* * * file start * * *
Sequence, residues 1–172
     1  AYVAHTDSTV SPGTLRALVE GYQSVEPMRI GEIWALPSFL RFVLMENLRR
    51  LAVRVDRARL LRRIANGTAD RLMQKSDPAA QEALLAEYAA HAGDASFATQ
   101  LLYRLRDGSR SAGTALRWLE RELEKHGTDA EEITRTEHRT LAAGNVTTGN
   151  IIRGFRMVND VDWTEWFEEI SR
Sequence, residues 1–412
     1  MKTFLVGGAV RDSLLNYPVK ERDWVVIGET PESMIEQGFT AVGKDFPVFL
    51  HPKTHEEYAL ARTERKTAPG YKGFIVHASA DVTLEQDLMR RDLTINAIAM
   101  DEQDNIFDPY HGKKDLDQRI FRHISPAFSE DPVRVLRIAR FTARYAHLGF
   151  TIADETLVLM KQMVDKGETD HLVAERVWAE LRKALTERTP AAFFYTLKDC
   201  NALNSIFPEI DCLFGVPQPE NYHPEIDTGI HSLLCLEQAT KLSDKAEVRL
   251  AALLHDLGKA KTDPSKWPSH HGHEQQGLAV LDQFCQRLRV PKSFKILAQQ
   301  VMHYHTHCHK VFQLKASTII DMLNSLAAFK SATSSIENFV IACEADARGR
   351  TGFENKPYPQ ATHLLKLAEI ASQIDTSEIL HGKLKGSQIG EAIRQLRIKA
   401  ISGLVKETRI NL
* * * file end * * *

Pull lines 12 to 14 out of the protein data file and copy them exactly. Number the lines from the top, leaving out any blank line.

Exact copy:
   251  AALLHDLGKA KTDPSKWPSH HGHEQQGLAV LDQFCQRLRV PKSFKILAQQ
   301  VMHYHTHCHK VFQLKASTII DMLNSLAAFK SATSSIENFV IACEADARGR
   351  TGFENKPYPQ ATHLLKLAEI ASQIDTSEIL HGKLKGSQIG EAIRQLRIKA